In my opinion, the way they should’ve looked at it, would have been to consider Instagram as a potential competitor to Facebook. We can see now that it obviously did become a huge competitor. But when you looked at it in that moment in time, it was just hard to convince a judge that this was going to happen.
To address this, I think it’s important to counter the assumption that the under enforcement of antitrust laws isn’t as bad as the over enforcement of antitrust laws. The discussion about which is worse, under or over enforcement, has been part of the conversation for a very long time in the U.S. But economists have recently shown that there are in fact far more issues arising from under enforcement, though previously many of them used to believe that over enforcement was a bigger concern.
It’s important to counter the assumption that the under enforcement of antitrust laws isn’t as bad as the over enforcement of antitrust laws.
In the face of uncertainty, when you’re more concerned about over enforcement, you’re probably not going to bring in lawsuits. But if we bring in the new economic learning about under enforcement being a bigger concern, that could improve the situation.
Another problem is that antitrust law in the US doesn’t deal very well with mergers between companies that are not direct competitors. Those are called vertical mergers. They can still cause a lot of problems, but it’s a lot harder to bring an antitrust cases in the US in such instances.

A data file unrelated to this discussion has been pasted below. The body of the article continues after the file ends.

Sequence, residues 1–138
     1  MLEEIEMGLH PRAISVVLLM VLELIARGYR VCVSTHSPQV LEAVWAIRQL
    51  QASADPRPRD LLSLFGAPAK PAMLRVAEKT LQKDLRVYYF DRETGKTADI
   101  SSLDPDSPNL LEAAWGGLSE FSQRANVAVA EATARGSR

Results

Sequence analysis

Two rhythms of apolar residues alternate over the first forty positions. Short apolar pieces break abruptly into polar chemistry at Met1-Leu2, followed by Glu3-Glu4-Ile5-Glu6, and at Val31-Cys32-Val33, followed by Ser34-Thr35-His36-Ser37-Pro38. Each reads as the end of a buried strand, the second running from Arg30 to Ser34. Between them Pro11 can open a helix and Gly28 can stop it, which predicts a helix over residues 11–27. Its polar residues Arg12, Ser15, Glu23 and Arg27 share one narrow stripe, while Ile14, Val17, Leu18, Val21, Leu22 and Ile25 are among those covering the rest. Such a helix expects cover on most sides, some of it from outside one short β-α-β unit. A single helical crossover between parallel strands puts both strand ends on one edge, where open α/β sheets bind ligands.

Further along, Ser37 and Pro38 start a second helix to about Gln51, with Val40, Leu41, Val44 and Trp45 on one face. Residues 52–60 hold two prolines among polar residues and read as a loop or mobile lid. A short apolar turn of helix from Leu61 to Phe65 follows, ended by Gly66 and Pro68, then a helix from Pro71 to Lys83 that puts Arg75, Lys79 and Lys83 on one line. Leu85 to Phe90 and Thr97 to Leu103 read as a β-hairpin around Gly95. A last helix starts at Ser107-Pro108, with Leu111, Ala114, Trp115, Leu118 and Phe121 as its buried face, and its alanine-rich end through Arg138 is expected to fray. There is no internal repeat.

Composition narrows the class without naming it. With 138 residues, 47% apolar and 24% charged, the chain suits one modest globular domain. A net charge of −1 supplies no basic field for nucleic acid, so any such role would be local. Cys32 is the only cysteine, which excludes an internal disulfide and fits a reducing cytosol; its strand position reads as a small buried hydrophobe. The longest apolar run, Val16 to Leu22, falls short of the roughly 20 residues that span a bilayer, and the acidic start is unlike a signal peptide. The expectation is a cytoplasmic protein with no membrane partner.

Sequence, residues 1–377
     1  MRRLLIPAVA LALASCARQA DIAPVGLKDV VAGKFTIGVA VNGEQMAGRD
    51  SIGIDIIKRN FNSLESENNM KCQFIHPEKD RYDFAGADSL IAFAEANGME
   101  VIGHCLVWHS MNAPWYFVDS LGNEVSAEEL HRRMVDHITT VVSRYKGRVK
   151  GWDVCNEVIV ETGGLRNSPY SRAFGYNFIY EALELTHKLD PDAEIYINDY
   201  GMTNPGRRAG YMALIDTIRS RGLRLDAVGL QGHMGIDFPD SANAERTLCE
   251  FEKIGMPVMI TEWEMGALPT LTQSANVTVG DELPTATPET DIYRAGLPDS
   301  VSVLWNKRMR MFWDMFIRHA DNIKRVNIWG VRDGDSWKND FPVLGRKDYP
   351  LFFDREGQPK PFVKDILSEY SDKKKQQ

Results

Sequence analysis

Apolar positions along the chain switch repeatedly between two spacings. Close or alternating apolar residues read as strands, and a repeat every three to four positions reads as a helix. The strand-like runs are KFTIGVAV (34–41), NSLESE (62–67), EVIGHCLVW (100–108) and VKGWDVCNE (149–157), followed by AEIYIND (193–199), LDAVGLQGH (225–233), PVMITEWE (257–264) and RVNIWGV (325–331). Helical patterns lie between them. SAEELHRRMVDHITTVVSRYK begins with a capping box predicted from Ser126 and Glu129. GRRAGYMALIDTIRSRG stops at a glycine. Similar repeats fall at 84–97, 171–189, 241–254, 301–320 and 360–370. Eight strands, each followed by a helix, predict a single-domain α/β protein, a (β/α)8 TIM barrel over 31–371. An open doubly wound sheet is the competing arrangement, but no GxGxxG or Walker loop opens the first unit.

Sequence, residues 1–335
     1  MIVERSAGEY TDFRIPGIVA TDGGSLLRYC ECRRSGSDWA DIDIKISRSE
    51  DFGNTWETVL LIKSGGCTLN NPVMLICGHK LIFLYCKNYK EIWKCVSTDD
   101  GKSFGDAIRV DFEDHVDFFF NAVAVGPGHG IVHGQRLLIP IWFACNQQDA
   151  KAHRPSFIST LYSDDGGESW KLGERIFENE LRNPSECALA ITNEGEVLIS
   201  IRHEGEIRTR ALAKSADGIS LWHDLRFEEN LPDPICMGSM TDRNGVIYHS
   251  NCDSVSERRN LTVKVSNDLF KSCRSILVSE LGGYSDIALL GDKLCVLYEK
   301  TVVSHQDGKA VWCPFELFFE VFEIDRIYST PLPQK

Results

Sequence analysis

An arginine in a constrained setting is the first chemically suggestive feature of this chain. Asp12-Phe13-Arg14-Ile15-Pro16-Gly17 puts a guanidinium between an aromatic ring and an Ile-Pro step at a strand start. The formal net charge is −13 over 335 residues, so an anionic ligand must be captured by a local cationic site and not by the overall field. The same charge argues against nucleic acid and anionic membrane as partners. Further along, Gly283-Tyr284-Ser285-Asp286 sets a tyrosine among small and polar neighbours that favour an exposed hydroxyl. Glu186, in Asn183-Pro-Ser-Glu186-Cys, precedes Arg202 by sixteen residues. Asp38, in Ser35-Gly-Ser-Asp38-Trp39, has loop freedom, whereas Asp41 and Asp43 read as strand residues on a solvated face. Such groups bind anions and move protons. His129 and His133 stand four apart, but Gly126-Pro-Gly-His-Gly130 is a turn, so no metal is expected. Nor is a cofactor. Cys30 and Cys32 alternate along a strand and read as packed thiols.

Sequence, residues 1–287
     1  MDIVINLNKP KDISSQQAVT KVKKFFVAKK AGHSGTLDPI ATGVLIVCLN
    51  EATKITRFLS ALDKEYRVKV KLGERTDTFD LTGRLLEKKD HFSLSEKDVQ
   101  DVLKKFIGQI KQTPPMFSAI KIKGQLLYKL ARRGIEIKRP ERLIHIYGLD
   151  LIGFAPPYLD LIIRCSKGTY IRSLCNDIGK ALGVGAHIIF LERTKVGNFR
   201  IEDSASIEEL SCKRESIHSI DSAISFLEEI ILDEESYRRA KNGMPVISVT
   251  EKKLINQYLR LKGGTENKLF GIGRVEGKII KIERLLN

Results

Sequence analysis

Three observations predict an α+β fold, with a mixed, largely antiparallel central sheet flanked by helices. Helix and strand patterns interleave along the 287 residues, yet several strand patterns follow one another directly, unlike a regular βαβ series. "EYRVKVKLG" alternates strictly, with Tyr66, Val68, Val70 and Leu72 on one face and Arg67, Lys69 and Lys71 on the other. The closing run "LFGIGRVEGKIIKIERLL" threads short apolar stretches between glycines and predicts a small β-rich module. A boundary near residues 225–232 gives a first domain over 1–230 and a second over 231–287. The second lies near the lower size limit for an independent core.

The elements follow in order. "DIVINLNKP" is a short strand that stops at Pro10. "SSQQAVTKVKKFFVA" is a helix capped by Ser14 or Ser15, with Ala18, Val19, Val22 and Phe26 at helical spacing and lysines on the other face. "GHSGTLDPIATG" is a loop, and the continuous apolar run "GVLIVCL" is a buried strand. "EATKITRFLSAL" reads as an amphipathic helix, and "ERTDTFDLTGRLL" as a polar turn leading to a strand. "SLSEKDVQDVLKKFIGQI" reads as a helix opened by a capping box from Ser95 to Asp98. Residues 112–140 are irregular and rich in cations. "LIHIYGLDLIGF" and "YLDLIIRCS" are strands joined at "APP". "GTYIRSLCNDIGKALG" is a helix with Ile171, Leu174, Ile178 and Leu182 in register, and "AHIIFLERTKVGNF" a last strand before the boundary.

Regarding the killer acquisitions and mergers that have been happening, there was an interesting case between diapers.com and Amazon. How is predatory pricing implicated under antitrust laws?
Charlotte: This is an important question. What happened with diapers.com was that Amazon tried to acquire it, and diapers.com initially refused. So Amazon began competing very fiercely with diapers.com – price cutting, offering customers deep discounts on diapers and so on, until finally, Amazon did end up buying them. They (diapers.com) weren’t doing so well with this fierce competition, it seemed as though they had no choice.
The way that antitrust in the US currently thinks about predatory pricing has become very narrow over time. It used to be much easier to bring in cases related to predatory pricing, now it’s really hard.
The predatory pricing scheme is that you make your prices really low and put everyone else out of business. But the economic theory is that this is only profitable if you could then raise the prices so high, so as to recoup the losses of having lowered your prices in the first place. But if you raised your prices that high, new competitors would come in and compete away that high price before you can actually recoup the money. To effectively prove in court that predatory pricing is anti-competitive, you have to prove that the predator could actually recoup their losses in this case, which courts are very skeptical of due to this theory.
But this is all theory, and the theory isn’t as airtight as they make it sound in the court decision that made this law. So, even if someone has a really strong case that they were a victim of predatory pricing, the legal requirements based on these economic theories make the burden of proof really high for them. It’s not clear to me that the Diapers.com story is an example where a more reasonable law of predatory pricing would have made Amazon’s conduct illegal.